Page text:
One day in any city is never enough. We all know that – but sometimes your itinerary just necessitates a short stop, and you don’t have the flexibility to change that. I travel a ton, I get it! But when it comes to my favorite city, London, you might wonder if my advice still applies: can you really see London in one day?
My answer is both yes and no. If you only have one day in London, you can definitely pack in a lot, but don’t be surprised if not everything you expect turns up on my list or you leave wanting to immediately plan a return trip. From Parliament to Tower Bridge, this one-day London itinerary will show you as many of the city’s top sights as possible in a short time – and inspire you to come back and explore for longer in the future.
London One-Day Travel Tips
Before jumping into my itinerary, I want to briefly cover a few important questions I can imagine you might have while planning your trip for one day in London.
Should You Buy the London Pass?
I’ve previously written a review of the London Pass here on my site and generally recommend it for everyone – especially if you’re planning your first trip to London and plan to do a lot of sightseeing. But is the London Pass worth it if you only have one day in London?
The one-day London Pass costs £79. Based on the itinerary I recommend below, you’ll pay up to £122 if you pay to enter all of the sights. That means you’ll save up to £43 by purchasing the London Pass!
So yeah, I think you should by the London Pass for your one-day London trip. But it’s up to you if you plan to not enter all of the sights I recommend or change the itinerary some other way.
Getting Around London
No matter how long you have to visit, the best way to get around London is by using public transport: the London Underground and the buses.
On this itinerary for one day in London, you won’t be taking any buses, just the Tube (Underground).
To help you manage that, I’ve got a different guide about how to ride the London Underground. It covers all the basics you need to know, including maps and apps to help you navigate and etiquette tips for riding the Tube.
What to Pack for London
London has a nicely temperate climate, so it generally doesn’t get too hot in the summer or too cold in the winter. That means you can pack most of the same items no matter when you visit, and my London packing list will help you get started. I’m also working on a special packing list if you’re visiting London and the forecast calls for rain – I’ll add that link once I’ve published it.
How to Spend One Day in London (If You Only Have One Day!)
I’ll be honest: one day is not enough time in London. Heck, I don’t think a lifetime is enough time in London, if I had my way about it! But if you only have one day in London, you want to make the most of it. And I remember well the feeling I had on my first day in London where I wanted to pack it all in. To begin, I’ve put together an interactive map that covers all of the stops I recommend visiting when you have one day in London – and suggested walking routes you can follow. It looks like two brackets on the map, but as you’ll see, I also include rides on the Underground to connect the dots.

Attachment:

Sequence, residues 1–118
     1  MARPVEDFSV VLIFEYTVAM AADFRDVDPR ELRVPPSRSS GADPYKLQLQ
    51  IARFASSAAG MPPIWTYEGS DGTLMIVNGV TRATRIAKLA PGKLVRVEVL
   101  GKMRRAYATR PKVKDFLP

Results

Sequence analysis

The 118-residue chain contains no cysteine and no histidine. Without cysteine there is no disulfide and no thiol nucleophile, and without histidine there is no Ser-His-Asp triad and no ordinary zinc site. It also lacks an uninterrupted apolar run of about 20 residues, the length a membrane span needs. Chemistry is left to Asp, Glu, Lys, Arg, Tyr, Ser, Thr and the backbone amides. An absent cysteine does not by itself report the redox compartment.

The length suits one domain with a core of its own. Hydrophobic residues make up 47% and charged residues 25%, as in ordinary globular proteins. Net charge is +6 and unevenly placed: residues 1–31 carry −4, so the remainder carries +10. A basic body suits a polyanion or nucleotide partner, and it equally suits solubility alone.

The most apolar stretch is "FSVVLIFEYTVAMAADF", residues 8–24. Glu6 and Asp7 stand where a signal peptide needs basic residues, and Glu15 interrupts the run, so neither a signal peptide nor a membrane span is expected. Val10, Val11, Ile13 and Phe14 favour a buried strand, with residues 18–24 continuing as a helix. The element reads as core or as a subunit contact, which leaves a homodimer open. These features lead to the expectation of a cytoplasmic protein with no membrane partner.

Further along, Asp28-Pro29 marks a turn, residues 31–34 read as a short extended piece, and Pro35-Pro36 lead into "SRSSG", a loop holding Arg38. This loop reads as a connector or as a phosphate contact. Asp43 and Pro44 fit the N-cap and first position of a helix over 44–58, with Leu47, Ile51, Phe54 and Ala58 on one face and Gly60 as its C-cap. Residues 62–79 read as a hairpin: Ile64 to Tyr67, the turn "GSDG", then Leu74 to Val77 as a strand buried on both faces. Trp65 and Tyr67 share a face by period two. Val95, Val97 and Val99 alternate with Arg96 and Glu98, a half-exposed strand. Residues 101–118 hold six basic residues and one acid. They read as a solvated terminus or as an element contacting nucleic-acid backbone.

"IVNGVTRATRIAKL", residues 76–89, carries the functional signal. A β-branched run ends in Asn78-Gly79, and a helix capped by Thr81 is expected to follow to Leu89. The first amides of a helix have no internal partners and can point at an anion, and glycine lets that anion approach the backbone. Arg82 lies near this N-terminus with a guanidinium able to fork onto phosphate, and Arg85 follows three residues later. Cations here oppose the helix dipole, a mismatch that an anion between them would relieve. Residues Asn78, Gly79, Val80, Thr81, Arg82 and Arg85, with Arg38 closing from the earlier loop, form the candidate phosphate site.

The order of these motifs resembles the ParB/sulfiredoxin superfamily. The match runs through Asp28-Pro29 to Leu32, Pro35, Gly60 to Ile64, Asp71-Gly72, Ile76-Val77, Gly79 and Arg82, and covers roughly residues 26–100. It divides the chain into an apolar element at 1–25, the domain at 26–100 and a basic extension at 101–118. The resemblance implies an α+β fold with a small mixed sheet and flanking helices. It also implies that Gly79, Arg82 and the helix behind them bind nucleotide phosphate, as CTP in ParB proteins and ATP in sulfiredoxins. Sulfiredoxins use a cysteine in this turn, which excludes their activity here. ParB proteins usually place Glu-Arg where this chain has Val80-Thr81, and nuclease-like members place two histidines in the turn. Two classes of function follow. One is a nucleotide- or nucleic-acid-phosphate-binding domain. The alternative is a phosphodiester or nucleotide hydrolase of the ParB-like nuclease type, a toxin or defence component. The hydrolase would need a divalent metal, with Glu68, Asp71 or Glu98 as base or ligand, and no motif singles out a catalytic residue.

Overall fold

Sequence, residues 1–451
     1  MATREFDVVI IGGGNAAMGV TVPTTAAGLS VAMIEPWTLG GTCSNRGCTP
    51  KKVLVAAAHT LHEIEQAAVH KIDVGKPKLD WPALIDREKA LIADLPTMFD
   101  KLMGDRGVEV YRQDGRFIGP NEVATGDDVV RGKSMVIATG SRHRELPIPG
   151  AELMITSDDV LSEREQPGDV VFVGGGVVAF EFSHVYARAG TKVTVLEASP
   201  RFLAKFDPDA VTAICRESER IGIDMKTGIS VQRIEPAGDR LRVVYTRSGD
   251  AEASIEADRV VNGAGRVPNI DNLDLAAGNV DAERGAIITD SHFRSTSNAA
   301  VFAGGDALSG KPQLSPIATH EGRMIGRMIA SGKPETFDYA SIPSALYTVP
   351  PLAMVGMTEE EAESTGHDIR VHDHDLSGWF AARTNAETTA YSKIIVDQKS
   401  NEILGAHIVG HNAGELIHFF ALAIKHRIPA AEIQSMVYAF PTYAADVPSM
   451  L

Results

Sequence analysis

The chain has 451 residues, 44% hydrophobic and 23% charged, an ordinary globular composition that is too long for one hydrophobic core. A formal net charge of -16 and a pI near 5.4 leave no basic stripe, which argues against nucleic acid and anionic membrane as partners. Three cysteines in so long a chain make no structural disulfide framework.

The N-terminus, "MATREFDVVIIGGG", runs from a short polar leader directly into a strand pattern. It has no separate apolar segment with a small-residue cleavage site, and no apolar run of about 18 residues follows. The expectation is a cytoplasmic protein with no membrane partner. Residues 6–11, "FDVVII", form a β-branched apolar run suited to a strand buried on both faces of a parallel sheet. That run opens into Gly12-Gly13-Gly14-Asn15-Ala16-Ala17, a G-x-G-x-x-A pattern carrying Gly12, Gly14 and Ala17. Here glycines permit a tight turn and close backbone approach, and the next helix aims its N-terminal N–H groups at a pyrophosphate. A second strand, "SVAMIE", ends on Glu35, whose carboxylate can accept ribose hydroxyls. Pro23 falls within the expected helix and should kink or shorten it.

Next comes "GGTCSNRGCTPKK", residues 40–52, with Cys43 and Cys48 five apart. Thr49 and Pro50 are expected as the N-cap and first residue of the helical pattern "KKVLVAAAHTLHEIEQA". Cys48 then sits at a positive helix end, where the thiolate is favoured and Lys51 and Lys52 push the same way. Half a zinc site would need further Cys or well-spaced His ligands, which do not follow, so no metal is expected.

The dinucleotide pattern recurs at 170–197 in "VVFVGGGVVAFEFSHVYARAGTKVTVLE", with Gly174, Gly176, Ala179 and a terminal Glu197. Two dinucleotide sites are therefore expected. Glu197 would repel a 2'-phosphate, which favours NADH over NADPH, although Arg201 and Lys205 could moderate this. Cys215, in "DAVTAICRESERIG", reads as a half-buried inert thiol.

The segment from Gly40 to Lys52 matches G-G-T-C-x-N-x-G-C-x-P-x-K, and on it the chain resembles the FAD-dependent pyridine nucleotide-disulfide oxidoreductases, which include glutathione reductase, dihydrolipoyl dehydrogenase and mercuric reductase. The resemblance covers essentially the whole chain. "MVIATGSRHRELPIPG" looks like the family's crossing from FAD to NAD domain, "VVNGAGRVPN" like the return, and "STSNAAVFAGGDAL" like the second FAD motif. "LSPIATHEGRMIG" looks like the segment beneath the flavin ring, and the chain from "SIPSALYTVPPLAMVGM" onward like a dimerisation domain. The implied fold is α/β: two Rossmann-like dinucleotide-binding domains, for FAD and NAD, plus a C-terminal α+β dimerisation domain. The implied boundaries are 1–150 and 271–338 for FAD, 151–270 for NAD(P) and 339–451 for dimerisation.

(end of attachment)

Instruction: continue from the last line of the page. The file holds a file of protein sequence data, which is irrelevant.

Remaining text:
Okay, now that you’ve gotten a sneak peak, let’s dive into my itinerary for one day in London.
Begin: Waterloo Station
Start by catching the tube to Waterloo Station. Waterloo is on the Bakerloo, Jubilee, and Northern (Charing Cross Branch) Lines, so you’ve got plenty of options to get to the station no matter where you’re staying in London. When you reach Waterloo station and get off the train, take the exits that point you toward the South Bank.
As you exit the station onto Leake Street, don’t miss out on the Graffiti Tunnel right near the station exit. This is a cool public art gallery where graffiti is legal – it’s a perfect spot for your first photo of the day!
1. Take in the Best View of Parliament
From Leake Street, turn left on York Road and then right on Westminster Bridge Road. Follow Westminster Bridge Road until you reach Westminster Bridge. On the south side of the bridge, take the stairs down to the riverfront path.
From here you can see my absolute favorite view of Parliament with the Thames and Westminster Bridge in the frame. There are plenty of incredible angles to view the Houses of Parliament, also called Westminster Palace, but this one has long been my favorite – and it’s still pretty secret so it’s not as crowded for photos as other views.
2. Visit Westminster Abbey
After you’ve taken in the view, climb back up to Westminster Bridge Road and continue across the Thames. Don’t worry – you’ll have plenty of opportunities to take more photos of Parliament along the way. Once you pass Parliament, you’re in the Westminster area of London. Follow Westminster Bridge Road to Parliament Street and turn left. Westminster Abbey will come into view.
Westminster Abbey is one of the most beautiful buildings in London, and an incredible example of High Gothic architecture. You probably recognize it as the site of many royal weddings throughout the decades – Queen Elizabeth and Prince Philip, or Prince William and Kate Middleton.
You can choose to walk around the building or pay admission to enter. It’s £23 to enter Westminster Abbey, but it’s also included in your London Pass.
3. Wave to the Queen at Buckingham Palace